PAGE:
As many as 75 countries will be exempt from the UK’s blanket quarantine rules, it is reported, suggesting the government has effectively thrown out plans for individual air bridges.
The initial list of countries exempt from the restrictions is due to be published before the end of the week, according to the Daily Telegraph.
And the government is set to lift the ban on non-essential travel to destinations including the whole of the EU.
British overseas territories such as Bermuda and Gibraltar will also be on the list, as will Turkey, Thailand, Australia and New Zealand.
But the US, Russia and Brazil, all of which have high rates of coronavirus circulation, will remain banned for all but essential travel.
As of Monday, those who wish to travel to the listed destinations will not have to self-isolate for 14 days on returning, as under the previous rules, the Telegraph reported.
The 75 countries listed have been deemed safe enough for holidaymakers based on the prevalence of coronavirus, declining infection rates and trustworthy data on the disease.
But some countries on the list, such as New Zealand and Australia, are keeping their borders closed and are expected to do so for the rest of the year.
And Greece on Sunday announced it would not allow flights from the UK until 15 July, despite having reopened to the rest of Europe from 1 July.
The Department of Transport did not respond to an initial request for comment.
The quarantine rules have been subject to harsh criticism since their introduction on 8 June, with MPs and businesses slamming their impact on an already devastated tourism and travel sector.
However, the new plans, which would see the Foreign Office change its advice regarding non-essential travels to the listed locations, suggest that the much-touted “air bridge” solution has been deemed unworkable.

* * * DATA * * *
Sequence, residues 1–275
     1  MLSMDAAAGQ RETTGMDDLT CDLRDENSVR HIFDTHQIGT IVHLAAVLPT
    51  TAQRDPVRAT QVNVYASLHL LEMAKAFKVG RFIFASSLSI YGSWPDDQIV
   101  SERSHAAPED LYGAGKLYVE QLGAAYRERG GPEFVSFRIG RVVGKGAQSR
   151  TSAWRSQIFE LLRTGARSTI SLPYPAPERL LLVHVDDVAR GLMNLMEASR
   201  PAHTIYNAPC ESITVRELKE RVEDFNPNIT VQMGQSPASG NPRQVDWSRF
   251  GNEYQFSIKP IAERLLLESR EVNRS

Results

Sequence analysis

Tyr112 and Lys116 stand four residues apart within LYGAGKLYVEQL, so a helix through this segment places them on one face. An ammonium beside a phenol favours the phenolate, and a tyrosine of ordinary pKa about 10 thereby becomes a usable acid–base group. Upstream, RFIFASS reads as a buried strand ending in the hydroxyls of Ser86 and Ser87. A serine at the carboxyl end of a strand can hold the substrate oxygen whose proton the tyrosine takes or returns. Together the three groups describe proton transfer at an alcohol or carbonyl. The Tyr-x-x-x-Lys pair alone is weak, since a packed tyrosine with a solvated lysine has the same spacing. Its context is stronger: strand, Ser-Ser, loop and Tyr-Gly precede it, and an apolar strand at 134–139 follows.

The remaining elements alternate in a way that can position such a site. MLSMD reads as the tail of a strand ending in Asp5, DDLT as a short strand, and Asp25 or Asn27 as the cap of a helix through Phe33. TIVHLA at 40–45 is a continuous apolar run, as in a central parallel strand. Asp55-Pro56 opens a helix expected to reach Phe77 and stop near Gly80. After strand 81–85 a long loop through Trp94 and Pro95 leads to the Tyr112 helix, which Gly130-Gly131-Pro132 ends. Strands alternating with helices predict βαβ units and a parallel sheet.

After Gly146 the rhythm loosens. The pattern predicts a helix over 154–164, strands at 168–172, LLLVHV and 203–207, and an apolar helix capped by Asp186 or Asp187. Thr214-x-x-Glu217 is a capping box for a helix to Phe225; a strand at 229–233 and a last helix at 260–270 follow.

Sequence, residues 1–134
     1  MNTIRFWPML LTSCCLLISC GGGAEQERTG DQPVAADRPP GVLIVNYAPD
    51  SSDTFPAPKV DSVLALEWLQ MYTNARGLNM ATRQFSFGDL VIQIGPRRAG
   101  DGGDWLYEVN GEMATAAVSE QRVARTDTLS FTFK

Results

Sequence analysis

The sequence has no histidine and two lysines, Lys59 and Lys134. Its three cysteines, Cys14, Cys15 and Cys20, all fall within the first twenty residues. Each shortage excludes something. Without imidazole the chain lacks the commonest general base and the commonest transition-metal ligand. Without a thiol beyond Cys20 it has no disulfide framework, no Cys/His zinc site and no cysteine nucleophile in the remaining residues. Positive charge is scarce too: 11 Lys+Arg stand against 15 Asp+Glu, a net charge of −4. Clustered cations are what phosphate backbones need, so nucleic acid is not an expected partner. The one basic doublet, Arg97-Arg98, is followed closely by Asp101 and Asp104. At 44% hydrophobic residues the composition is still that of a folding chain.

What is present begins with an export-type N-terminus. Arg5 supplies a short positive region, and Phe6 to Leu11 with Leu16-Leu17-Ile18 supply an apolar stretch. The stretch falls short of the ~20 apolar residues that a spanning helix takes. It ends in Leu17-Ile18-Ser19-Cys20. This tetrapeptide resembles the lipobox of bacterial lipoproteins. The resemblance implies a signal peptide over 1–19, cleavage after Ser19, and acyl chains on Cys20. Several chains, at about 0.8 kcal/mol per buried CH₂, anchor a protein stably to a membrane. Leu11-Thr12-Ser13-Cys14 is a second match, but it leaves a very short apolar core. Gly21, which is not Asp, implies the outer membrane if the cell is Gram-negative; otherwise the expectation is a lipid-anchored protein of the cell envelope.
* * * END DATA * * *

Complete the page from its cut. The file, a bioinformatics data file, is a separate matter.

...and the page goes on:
Members of the travel sector welcomed the new scheme, with Paul Charles, a spokesman for the 500-strong Quash Quarantine campaign group, telling the Telegraph: “We have said all along that air bridges were unsustainable in Europe because you can’t restrict people travelling in the EU or Schengen.
“It’s sensible and logical and I wish we could have had it earlier. It begs the question as to why have we gone round in circles.”
Ministers had been expected to make the announcement at the beginning of the week. But it was reported that Scotland’s first minister Nicola Sturgeon had derailed the plans. She had objections to the growing number of countries included under the measures.
Speaking in parliament this morning, transport secretary Grant Shapps asked for SNP MP Gavin Newlands’ “help” in getting devolved administrations, including Scotland, “on board” with the plan.
Sturgeon challenged Shapps’ comments in a tweet, saying that they were a “misrepresentation” of her position.
In a statement on Monday, Shapps said a full list of the countries and territories would be released this week.
He also confirmed that the FCO was reviewing its travel advice.
Earlier this week the EU announced a group of 14 countries to which members should open their borders, which again did not include the US.